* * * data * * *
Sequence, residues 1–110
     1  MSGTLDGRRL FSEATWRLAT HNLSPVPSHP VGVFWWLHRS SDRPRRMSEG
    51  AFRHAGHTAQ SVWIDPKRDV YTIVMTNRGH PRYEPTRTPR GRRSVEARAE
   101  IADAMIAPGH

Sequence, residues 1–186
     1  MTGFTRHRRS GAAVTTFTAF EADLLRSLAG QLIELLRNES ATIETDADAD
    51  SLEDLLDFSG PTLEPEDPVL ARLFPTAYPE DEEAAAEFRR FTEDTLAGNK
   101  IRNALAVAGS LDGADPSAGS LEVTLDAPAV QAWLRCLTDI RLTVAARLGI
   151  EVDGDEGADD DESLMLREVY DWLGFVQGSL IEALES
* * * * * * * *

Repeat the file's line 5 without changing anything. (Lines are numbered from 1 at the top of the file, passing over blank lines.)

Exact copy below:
Sequence, residues 1–186